“Food manufacturers advertising their products in France are now required to add a health message such as, ‘For your health, do regular physical exercise,’” she explains. “The requirement is part of the second phase in the French government’s long-term scheme to promote healthier eating through the Programme National Nutrition Santé (PNNS).” McDonald says that to make a nutrition claim, a food must contain 15% or more of the GDA.

The French have taken a unique approach to nutrition policy and intervention that involves the food industry. “French food guidelines (PNNS) have identified nine nutrition objectives that include specific recommendations to up the consumption of fruits and vegetables, encourage whole grains, and reduce the consumption of sugary, fatty, and salty foods,” she says. McDonald points out that to do this, the food companies and supermarkets are being encouraged to prepare and sign charters outlining the changes they are willing to make to reach the PNNS goals and the marketing they will do to educate consumers. Only when this is agreed on are they allowed to use the PNNS logo on their foods and in their marketing.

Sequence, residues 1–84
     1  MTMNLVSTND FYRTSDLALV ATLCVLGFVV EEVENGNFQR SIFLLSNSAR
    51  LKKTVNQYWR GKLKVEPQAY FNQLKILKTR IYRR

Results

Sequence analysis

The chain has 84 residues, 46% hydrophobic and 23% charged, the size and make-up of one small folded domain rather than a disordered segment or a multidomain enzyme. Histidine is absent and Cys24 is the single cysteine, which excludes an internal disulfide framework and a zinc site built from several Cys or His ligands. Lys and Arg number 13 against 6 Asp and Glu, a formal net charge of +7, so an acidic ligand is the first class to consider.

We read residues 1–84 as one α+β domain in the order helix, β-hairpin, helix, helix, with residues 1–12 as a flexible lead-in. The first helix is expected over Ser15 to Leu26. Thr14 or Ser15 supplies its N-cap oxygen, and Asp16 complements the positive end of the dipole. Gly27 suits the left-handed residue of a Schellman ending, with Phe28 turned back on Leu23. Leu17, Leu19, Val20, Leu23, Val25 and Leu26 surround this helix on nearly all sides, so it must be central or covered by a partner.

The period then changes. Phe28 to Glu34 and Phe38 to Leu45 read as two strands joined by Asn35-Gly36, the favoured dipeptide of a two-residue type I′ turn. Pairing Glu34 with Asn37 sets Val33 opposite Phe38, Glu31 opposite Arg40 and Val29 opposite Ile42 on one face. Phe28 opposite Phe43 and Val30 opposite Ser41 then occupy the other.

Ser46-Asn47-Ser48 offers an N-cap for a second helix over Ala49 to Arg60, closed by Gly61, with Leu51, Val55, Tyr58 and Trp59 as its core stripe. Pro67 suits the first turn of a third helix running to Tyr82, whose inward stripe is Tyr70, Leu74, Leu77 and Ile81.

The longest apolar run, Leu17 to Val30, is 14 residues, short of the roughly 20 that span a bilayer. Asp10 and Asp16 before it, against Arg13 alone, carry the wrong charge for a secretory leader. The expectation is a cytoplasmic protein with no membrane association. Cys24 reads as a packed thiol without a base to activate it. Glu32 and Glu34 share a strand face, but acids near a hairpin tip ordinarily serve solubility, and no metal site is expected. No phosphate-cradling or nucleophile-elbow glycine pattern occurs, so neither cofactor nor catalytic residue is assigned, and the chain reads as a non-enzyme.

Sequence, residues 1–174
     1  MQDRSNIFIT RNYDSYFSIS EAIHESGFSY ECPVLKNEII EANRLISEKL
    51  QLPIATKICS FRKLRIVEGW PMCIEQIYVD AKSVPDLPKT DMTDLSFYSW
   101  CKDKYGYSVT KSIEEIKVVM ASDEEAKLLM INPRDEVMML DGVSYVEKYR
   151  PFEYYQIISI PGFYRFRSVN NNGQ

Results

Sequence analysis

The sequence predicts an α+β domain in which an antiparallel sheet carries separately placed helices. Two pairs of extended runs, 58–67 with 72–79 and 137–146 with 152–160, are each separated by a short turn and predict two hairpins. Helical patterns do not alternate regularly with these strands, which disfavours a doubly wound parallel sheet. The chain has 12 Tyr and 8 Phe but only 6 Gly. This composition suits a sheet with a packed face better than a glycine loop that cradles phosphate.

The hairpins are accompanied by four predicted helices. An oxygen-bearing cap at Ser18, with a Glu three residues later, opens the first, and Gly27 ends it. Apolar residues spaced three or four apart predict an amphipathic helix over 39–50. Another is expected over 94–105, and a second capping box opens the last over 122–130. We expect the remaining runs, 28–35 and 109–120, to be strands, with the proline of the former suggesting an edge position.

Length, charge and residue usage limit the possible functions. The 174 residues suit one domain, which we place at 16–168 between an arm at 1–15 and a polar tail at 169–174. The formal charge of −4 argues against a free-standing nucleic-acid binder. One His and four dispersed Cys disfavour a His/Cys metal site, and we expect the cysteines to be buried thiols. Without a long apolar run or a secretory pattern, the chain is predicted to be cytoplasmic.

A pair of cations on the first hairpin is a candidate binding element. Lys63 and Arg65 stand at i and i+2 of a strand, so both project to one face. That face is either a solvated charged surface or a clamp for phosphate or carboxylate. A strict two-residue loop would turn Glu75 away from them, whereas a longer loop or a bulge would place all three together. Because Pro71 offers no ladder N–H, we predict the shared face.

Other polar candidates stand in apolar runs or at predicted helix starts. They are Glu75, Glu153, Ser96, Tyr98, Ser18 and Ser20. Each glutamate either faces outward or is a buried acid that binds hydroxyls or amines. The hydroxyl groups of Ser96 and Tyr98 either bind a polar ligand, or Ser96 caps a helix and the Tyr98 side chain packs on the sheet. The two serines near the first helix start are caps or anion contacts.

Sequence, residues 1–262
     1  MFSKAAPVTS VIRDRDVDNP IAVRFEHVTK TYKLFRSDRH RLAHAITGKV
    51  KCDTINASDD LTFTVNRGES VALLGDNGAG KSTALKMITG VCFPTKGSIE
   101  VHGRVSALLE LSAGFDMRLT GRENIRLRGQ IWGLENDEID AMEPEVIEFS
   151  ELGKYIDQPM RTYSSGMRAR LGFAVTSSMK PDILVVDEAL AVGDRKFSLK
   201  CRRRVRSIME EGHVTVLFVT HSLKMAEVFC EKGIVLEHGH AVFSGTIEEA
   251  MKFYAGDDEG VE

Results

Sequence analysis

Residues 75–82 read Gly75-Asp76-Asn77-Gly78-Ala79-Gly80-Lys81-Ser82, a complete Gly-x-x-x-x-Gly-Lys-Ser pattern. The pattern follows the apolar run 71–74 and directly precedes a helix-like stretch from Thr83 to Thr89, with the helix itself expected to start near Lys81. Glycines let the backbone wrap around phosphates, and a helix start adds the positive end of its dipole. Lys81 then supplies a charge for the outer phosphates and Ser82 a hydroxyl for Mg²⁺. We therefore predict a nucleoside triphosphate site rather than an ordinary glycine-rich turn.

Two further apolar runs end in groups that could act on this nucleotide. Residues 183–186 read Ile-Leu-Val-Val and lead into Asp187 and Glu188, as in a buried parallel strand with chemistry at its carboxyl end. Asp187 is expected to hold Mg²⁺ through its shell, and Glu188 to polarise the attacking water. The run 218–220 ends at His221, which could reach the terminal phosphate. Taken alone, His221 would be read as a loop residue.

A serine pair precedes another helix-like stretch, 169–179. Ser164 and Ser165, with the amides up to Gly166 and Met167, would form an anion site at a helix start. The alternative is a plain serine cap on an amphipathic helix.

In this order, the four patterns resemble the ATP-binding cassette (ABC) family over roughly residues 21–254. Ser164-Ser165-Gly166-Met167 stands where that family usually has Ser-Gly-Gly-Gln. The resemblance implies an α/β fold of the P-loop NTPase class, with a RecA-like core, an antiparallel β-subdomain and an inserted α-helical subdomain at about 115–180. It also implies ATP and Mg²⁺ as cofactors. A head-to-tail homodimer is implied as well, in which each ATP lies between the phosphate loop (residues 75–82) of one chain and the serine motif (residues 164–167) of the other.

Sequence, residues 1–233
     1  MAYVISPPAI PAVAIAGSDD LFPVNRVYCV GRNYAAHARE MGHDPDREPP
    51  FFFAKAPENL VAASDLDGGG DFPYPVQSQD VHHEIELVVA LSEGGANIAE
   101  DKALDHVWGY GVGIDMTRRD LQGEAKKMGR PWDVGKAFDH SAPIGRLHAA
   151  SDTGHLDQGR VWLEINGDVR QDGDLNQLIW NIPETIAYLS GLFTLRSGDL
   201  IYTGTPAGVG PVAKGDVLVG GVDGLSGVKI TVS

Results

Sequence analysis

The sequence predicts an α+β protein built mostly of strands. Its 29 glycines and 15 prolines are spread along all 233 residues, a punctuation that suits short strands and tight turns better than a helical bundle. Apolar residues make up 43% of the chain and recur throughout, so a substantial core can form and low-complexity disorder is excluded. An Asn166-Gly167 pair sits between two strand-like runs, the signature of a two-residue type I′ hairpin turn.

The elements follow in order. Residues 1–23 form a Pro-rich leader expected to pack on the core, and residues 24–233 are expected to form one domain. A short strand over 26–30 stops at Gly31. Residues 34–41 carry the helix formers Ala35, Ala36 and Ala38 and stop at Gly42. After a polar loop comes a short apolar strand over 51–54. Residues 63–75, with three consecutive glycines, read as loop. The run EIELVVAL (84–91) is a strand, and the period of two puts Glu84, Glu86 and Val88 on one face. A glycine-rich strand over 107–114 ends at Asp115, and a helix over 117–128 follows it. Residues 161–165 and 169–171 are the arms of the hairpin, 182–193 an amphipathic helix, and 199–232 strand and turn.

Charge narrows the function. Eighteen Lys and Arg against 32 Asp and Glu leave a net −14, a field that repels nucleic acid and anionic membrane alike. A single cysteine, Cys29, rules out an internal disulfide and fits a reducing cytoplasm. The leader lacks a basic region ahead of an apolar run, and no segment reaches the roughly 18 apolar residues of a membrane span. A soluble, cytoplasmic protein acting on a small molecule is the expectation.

Notes From France: A School Lunch We’d All Enjoy
Jean Saunders, the school wellness director for the Healthy Schools Campaign in Chicago, ran a daily blog from France of her observations and musings during the forum. (Visit the Healthy Schools Campaign blog here to read more detailed blog entries by Saunders, Peer, and Amanda Archibald, RD.)

Peer blogs that the French education system places a priority on school lunch and its role in the school day. All school-aged children in France participate in the school lunch program, regardless of their family’s economic status. Most elementary schools devote nearly 11/2 hours to lunch and recess, which includes 30 to 40 minutes for the children to eat a leisurely lunch.